In November 1960 Lancia presented the Flavia for the first time at the Turin Motor Show. Two years later three further body variants were added next to the sedan christened Berlina. All four versions were aimed at customers in the upper middle class segment and offered the luxury and comfort to which Lancia was accustomed. At the same time, the Flavia heralded the introduction of front wheel drive in all subsequent models of the brand until 2012. For the first time since 1919, there was an engine under the hood where the cylinders weren’t arranged in V-format. Instead of a classic inline engine it was a four-cylinder boxer engine. In the course of production, this engine had between 76 and 125 hp from 1.5, 1.8 or two liters of displacement (the latter available from 1969).
Conservative design at the beginning
The technical concept of the Flavia, like that of the Fulvia presented three years later, was for the last time developed internally at Lancia. All successors and parallel model series were created with the support of the Fiat group after they took over Lancia in 1969. Engine and drive concept were developed by Dr.-Ing. Antonio Fessia, the then technical director of Lancia. He had already presented the F11 sedan with very similar technical features at the 1947 Paris Motor Show while working for CEMSA Caproni. However, this vehicle never went into series production. Meanwhile, the Lancia Flavia Berlina was given a body design that was already described as ‘old-fashioned’ and ‘conservative’ at its world premiere. Similarly, the continuous front seat bench and shift lever, which was moved to the steering column, as well as the chassis with leaf springs were also outdated. In May 1967 the Flavia Series 2 was released with a completely redesigned bodywork and new interior.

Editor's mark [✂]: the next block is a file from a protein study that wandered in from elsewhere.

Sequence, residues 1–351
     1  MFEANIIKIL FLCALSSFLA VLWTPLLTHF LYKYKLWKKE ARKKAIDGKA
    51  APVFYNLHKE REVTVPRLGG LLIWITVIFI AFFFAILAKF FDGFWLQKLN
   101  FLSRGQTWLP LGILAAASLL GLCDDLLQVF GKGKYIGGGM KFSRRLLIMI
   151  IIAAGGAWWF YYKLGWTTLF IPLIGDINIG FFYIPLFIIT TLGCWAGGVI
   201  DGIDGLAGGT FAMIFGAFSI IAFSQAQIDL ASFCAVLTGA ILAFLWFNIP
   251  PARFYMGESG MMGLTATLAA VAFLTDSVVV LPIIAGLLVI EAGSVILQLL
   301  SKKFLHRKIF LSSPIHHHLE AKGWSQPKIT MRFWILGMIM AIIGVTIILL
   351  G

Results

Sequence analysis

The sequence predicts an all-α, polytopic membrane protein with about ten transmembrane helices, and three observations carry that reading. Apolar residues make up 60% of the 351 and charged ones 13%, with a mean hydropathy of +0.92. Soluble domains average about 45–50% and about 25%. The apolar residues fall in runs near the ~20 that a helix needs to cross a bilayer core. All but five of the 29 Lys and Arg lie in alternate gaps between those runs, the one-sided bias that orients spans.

From 1962 onwards, three coachbuilders showed how to create a more advanced design. Pininfarina was responsible for the Coupé, Zagato designed the Flavia Sport, and the four-seater Convertible was a collaboration between Michelotti and Vignale. All three variants used the Flavia platform, which was shortened by 12 centimeters between the axles and thus offered slightly less space in the rear. Initially, the Coupé showed a similar headlight design to the Berlina. In 1969, the model was extensively updated and again borrowed design elements from the Berlina Series 2. Due to a weight saving of around 200 kilograms compared to the sedan, the topspeed of the largest engine version here rose to 185 kph (115 mph).
Pioneer in injection technology
The Flavia Sport with Zagato aluminium body could even top this value. Therefore it served some racing drivers. The unusual details were the rear side windows hinged to the roof and the rear window also opening a bit. Like the Convertible, the Sport was dropped from the model program after the 1967 model year. While most of the competitors at that time still relied exclusively on carburetor technology, the 1800 from 1965 and the 2000 from 1969 were optionally available as Iniezione versions with mechanical Kugelfischer injection systems. This was otherwise only available in motorsports and for particularly sporty road cars such as the BMW 2002 tii. By 1970, a total of 41,114 Flavia units had been built. After Fiat had taken over Lancia, the company turned away from the Roman model names for a long time. Only in 2012, a new Flavia appeared, which was nothing else than a Chrysler 200 with glued on Lancia logos. After only two years, the import of the US vehicle was stopped and shortly afterwards the traditional brand Lancia disappeared completely from the world of new cars – except in Italy.